Something that’s very important that many books on radionics fail to mention, or they only devote a short paragraph to is grounding your radionic instrument. It is important to ground your radionic instrument for two reasons.
1 Grounding your instrument will cut down on broadcast times, also grounding is essential if you are using your instruments to balance crops, trees, plants etc.
2 There is evidence that if your instrument isn’t grounded, and you use it to do a lot of radionic balancing on other people, animals, etc. the conditions that are affecting them could be broadcast back to you, and cause you health problems. I have no proof of this, but some of the worlds most prominent radionic experts died at a fairly young age among them David Tansley, Peter Moscow, Pat Schmidt, you would think with their extensive knowledge of radionics they could have prolonged their lives into old age. Maybe the problem was that they didn’t ground their instruments. I figure for the time it takes, and the cost of a grounding rod and a piece of wire and a few jacks it’s better to be safe than sorry.
If you have a Hieronymus type instrument grounding the instrument is easy. On these instruments, there is usually a place to plug-in a ground wire. All you have to do is to drive a metal rod into the ground ( I used a copper pipe).The longer the rod the better, but 3 or 4 feet should be long enough. Attach the ground wire to the rod (this can be ordinary copper wire, insulated or bare, size or gauge doesn’t matter). Now install a Banana Plug ( available at any electronics supply store) on the end of the wire and plug the Banana Plug into your radionics instrument ( Most radionics instruments that are meant to be grounded have a jack for a Banana Plug. Plug the Banana Plug into the “input side” of the instrument) and you’re good to go. Some people recommend giving the wire a counter-clockwise twist to eliminate any natural polarity of the wire. You can do this with an electric drill set on reverse. You can ground as many instruments as you want using the same ground rod.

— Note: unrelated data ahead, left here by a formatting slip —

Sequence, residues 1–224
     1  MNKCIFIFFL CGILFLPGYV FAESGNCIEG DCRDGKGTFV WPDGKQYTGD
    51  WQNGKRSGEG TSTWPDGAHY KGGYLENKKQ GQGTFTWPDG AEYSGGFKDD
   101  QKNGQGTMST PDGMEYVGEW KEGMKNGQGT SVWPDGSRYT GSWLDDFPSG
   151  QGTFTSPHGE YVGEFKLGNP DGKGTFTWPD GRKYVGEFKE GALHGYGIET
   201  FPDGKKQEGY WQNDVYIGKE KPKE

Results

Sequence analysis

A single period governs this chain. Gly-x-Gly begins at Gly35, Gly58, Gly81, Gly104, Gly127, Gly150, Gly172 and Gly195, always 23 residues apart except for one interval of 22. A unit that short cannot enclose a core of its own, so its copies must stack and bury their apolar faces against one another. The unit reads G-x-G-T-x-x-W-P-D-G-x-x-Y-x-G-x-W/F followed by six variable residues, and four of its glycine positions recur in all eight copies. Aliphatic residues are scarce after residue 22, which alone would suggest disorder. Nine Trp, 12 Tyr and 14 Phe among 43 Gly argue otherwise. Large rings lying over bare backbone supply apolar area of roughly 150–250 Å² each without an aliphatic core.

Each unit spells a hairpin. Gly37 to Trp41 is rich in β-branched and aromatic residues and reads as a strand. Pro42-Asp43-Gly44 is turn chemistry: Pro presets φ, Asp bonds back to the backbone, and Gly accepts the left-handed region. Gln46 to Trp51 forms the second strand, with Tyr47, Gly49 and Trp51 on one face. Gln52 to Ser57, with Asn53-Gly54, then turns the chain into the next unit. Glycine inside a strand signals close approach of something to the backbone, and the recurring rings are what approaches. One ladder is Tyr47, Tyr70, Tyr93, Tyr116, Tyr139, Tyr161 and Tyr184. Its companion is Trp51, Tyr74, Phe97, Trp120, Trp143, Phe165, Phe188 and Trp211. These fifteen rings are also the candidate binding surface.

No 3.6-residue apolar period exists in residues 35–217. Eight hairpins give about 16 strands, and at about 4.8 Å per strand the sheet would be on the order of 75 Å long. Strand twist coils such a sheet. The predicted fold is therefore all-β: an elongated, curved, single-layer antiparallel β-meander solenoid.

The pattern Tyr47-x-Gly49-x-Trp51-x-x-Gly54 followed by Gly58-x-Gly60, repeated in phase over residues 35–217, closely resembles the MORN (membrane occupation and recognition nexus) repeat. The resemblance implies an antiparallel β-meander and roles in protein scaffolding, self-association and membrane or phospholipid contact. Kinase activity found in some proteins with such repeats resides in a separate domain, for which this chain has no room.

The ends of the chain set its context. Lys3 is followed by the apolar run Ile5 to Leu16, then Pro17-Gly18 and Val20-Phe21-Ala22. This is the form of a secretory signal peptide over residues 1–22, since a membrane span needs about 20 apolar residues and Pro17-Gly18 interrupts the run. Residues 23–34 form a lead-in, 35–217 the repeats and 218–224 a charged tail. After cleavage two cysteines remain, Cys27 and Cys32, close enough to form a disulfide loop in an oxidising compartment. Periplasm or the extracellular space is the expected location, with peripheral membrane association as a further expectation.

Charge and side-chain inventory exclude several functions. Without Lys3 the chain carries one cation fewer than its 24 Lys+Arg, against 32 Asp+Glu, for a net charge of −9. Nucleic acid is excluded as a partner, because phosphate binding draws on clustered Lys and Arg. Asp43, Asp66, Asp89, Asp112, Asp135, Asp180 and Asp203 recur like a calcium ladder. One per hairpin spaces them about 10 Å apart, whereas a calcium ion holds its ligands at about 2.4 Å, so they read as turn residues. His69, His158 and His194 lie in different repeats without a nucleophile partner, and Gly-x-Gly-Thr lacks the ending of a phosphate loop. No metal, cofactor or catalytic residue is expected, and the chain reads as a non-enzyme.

The above instructions are fine if you live in your own home, or are renting and your landlord doesn’t mind if you construct the above set-up. Some people choose to ground their instruments to water pipes, gas lines or electrical grounds. Water pipes and gas lines are better than electrical grounds ( electrical grounds contain a lot of electrical noise and information). None of the above is as good as a dedicated ground rod for your instrument. An exception would be if you have a private well, you could use the well pipes as a ground providing they are metal, they would be almost as good as the ground rod.
If you are not sure if something will make a good ground dowse the question with your radionic instrument, if Yes use it, if No, find a better ground.
But what if you live in an apartment building and the landlord says NO to you setting up a ground rod and wire, or you move your radionic instrument around often to different locations, where grounding to a permanent grounding rod wouldn’t be practical or have a radionic instrument that doesn’t provide for grounding such as the SE-5 computerized radionics instrument. There is another option.
Another option is the “Virtual Ground” invented by Scott Ertl, he can be contacted here :Scott Ertl, 7775 U.S. Highway 10, Marshfield, Wis. 54449 (ph 715 387-1687; ertlacresgmx @tznet.com). I have never used this but have heard good reports about it from other radionic operators.
If you plan on doing radionic work on anyone or anything but yourself, for your own sake ( not to mention it will cut down on broadcast times) please ground your instrument.